Summer Parenting by Jessie Weaver

libbiebeach.jpgI love summers, I really do. As the stay-at-home wife of a teacher, summers are a great opportunity for us to spend a lot of time together as a family. We travel, which we can’t do much together during the school year. We visit parks and museums and try to get outside when it’s not a trillion degrees. We swim and play.

But each year I also realize how difficult it is for my toddlers to adjust to our no-schedule summers.

From a fairly rigid week – two days of Mother’s Day Out, one day of Bible study, church on Wednesday nights, and 8 p.m. bedtime – to a lackadasical schedule that has us darting here and there, being with family often, and leaving no expectations of what might happen throughout the day. This spells TORTURE to a toddler/preschooler who thrives on knowing what’s happening each minute of every day. (The first thing my daughter asks in the mornings is, "Where are we going today?")

And every summer I find myself struggling with disciplining our strong-willed girl (now nearly 4), yelling in anger, wishing for an hour to lay down and read a book. As Libbie’s brother, David, is learning to talk now at 19 months, we’re entering new territory with him as well.


My husband and I are very laid-back, which makes it feel like we’re in constant conflict with our schedule-craving wee ones. I don’t want to plan each day during July. I don’t want to explain to my child yet again why daddy is home and not at work. I don’t want to answer questions about when Christmas is coming again when it’s 103 outside.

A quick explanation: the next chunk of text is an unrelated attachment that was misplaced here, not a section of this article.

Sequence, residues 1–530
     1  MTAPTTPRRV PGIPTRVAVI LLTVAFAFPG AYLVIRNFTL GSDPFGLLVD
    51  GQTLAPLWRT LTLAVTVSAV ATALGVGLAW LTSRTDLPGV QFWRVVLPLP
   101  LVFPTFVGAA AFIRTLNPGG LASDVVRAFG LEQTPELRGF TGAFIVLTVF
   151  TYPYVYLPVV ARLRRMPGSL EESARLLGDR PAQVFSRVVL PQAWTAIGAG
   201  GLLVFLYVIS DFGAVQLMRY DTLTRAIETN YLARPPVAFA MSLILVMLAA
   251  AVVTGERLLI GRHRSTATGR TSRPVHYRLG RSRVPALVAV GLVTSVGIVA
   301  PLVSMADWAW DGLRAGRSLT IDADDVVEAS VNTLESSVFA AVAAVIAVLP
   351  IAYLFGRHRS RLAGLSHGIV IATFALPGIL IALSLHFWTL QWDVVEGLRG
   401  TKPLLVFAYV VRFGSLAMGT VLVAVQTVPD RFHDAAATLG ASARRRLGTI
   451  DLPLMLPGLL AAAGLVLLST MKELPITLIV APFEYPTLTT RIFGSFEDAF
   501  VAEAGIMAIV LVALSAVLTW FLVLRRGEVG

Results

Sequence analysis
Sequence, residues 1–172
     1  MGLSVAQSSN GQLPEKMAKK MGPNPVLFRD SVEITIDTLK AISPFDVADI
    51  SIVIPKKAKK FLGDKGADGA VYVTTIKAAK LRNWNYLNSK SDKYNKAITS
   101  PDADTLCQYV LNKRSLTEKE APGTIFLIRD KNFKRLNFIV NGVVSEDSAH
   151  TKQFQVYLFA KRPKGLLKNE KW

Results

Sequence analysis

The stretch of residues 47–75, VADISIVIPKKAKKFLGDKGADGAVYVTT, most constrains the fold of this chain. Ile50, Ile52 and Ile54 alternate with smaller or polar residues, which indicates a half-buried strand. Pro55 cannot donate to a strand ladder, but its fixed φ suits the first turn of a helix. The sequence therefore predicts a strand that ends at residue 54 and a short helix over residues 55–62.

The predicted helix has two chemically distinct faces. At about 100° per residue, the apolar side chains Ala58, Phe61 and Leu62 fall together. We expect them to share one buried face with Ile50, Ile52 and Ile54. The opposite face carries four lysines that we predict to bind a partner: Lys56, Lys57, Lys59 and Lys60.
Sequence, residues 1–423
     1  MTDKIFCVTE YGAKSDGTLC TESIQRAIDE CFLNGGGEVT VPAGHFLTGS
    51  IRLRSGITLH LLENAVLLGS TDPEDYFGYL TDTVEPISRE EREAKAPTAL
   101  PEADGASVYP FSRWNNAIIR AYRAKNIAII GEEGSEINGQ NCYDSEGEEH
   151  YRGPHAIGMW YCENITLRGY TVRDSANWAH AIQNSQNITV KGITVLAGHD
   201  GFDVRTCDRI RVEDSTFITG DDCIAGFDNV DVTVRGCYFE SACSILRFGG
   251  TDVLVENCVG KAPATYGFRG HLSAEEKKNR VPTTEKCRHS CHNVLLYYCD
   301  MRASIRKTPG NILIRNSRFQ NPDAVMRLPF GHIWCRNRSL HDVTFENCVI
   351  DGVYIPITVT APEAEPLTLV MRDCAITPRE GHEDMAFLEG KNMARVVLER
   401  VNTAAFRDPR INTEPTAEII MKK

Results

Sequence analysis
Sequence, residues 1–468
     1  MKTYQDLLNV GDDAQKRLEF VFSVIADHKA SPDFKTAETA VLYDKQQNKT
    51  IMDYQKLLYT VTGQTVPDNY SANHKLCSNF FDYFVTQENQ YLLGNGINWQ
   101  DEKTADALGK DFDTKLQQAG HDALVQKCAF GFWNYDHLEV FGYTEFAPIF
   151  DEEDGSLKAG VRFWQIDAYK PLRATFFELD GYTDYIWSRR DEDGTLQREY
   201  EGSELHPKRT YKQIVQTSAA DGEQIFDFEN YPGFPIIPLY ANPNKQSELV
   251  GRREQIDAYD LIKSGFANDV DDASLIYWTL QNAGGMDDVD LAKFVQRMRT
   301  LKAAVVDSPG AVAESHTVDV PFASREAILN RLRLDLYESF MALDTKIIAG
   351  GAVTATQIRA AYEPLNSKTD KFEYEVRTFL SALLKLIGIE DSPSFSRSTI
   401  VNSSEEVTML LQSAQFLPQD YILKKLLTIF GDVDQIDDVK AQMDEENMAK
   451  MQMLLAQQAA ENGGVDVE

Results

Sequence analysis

But I find, as always, that our quality of life almost always comes around to my attitude and my behaviors more than it does my childrens’. If I stay calm and in control, they will settle down. If I’m willing to make a plan, they are 900% more content. If I write out ideas for three meals a day and shop for the groceries, meal and snacktimes are less harried and happier – and produce much more pleasant kids.

Perhaps you’re nearing the end of your summer … or maybe you are out of school ’til Labor Day. Do you find parenting harder in the summer? Or is it all bliss on your end?


  1. Sallie E. says:

    Things are pretty crazy here too. I find that just being able to plan the day out only one day in advance helps a lot with my just-turned-5 year old. Her first question indeed is, “Mama, what we gonna do today?” It’s okay if we detour from the “schedule” a little bit, as long as I can give her a few high points so that she knows what’s on the agenda. Today was “We have VBS this morning and later we’ll have hair cuts and maybe spaghetti for supper.” After that announcement, she was ready to go forward and face the day. 🙂

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